profiting by the general calamity :) the drawing-room door. Footman a sentiment which in the present below, calistimes conver's a reproof to many felf-interested dealers, which the Foot. D ARON Steinberg'scaraudience by their applause, appear
D viage is ready. ed perfectly to underítand.
Mair. d'H. (Above.) Baron SteinLord Laroon and Sir Pertinax | berg's carriage. Pitiful, are modern men of fashion, equally telf-interested, unfeeling, and | The Baron comes from the drawing. contemptible. In these characters' room-door, and defcends the stairthe mirror is held up to the flimsy cale. vice of the present age, with great judgment and ingenuity.
Foot. The ainbassador's carriage. Hairbrain is a wild thoughtless Foreign ambasador defcends. his footyouth, with an excellent and generous heart ; This portrait is, in ge
| men in gaudy livery, attending be
locu. neral, a faithful design after nature, and has considerable merit.
Foot. Lord Lackwit's coach. The character of major Rampart Semeral perions defiend has been objected to,astending to vi
together : lify the army, and the brave defen
among the reft, Lord Laroon, Maders of our country; but that such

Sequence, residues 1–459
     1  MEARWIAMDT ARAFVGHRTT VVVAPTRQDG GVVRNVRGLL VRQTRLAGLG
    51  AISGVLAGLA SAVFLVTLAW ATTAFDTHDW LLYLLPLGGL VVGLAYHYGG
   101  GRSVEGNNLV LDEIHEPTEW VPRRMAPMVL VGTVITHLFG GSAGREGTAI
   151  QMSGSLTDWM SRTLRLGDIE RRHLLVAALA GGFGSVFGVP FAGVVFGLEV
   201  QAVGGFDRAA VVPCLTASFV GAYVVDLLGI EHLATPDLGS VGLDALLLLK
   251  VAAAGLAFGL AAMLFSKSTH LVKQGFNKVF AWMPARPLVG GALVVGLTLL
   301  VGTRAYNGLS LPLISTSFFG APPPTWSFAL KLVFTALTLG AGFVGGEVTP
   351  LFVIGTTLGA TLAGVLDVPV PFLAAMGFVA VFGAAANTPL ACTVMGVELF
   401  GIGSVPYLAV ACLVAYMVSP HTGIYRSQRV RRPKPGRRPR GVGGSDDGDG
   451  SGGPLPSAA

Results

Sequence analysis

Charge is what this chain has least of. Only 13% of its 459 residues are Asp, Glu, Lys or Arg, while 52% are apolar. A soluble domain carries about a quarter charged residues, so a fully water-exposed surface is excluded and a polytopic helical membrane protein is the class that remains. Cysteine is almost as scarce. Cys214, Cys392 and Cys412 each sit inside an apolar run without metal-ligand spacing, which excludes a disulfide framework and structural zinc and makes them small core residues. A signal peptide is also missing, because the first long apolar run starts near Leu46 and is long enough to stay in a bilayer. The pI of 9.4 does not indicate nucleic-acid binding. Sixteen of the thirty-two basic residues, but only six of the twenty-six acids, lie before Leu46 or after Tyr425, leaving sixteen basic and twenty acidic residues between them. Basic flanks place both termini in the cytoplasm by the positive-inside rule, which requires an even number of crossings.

jer Ramperi, Mr. Confol, Mr. characters are to be found among
Curfew, and Sir Portinax Pitio lone, at least, of the numerous spe
ful. of military corps now in em- | Con. (To some persons going.) Your ment, lew, we believe, will pre. | lordship will go? (To another) Good
o deny. Every profellion night to your grace! peinbers which do ii honour, Cur. (To Lord Larcon) With subamers, which reflect disgrace mislion, my Lord, do you know that
100 great a forene's with | impertinent person ? cipect to luch a satire would rather | Lord L. Certainly : fo do you. to argue a confeflion that it is It is Consol; the great court and
city broker. whole this comedy pre- Cur. Pardon me, I transact busi
pablic with rational enter- nefs with him; but I don't know ment, and excellent moral in him. I wonder our friend Doring..
Such indeed is the cha- 1 ton admits such people.
the pieces of this writer; / Sir P. Oh ! He is the right hand
"In the morality inculcated man of the whole peerage ! lomewhat of
may, lometimes, exhibit | Lord L. (Bows) And of the ba. las of peculiarity; the fin- ronets to boot, fir Pertinax. Scus of the author must! Sir P. Yes; we have him in umciently apparent to turn. of feeling and taste. I Cut. Under correction, the man
len of the style of the has all the vulgar insolence of extract, all insert the following wealth, newly and knavithly ac.
Sir P. Very true. The fellow makes himself quite familiar. By
the bye, our friend here lives in with a grand flair. prodigious fplendonr. . mated by chantei.ers: 1 Maj. Blow me to atoms! Im. a hoted on the top, at meníely rich,
but too well deserved. ,
On the whole this come
ftruction. Such indeed is the racter of all the pieces of this wi and though the morality in them, may, sometimes,
ACT I. SCENE I.